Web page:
I watched this show primarily for my husband. but I have to say that I kind of like it. I enjoy listening to music in my car, and even then "live" is my least favorite type of music. However when I am home I like to watch something with a plot, not watch people sing, to me singing is something you listen to not watch.

    So when this came on and I actually enjoyed it, especially sense it is live music, I was shocked. I don't like American Idol, but I have to say that I like this show. I enjoy hearing songs that take me back, most of the bands were big when I was in high school. I also like seeing where people are today. I also like the fact that they play my favorite songs from way back when and then play my favorite songs from today. My husband is the one that Tivos it but I have to say that I have watched every episode before he has.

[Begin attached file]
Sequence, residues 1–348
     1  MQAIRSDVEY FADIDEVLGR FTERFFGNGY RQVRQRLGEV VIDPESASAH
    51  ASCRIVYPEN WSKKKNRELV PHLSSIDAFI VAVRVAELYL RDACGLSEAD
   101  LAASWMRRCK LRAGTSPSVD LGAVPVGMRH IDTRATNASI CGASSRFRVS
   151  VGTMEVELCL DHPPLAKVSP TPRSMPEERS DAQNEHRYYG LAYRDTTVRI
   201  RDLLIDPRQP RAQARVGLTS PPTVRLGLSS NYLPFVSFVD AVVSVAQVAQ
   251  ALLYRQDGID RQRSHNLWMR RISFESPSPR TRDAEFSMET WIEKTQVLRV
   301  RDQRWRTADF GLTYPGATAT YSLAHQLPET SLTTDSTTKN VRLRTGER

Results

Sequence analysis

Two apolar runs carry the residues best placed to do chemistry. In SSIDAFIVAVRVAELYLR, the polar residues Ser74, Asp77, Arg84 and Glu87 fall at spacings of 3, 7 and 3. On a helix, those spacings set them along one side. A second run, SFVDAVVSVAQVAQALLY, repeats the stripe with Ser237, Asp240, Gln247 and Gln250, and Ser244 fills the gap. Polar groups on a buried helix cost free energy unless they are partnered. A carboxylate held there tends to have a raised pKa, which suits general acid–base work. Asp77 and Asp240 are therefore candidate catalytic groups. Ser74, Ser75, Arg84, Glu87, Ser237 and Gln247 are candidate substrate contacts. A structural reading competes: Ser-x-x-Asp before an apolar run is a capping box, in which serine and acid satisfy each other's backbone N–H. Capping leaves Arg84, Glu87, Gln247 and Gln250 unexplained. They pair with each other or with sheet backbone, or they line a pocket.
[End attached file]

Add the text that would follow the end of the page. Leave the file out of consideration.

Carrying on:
• Why oh why do I torture myself so???

    Okay, did anyone notice that the band (I can't remember their name for the life of me) who on their "second song" did 1985, messed up the lyrics? They said "Springstein, Madonna CRAZY FOR NIRVANA"....it's WAY BEFORE NIRVANA...that bothered me so much.

    And they guy...oh god, his name escapes me now, he played the piano, and sang that song, "I won't go down with this ship, I won't put my hands up and surrender"....anyhow, that was amazing, the best version I've heard of that song, besides the original.

    And does it bother anyone that Sophie B. Hawkins, was all like, " I get my inspiration for songs from painting...."...well, your one and only hit was a REMAKE of a Bob Dylan song....and he did it much better!! Cut the crap, you get your supposed inspiration from other people's talent!!

    I feel much better now.

    Great to see all of the old stuff though.

  • One of the ultimate "Where are they now?" show.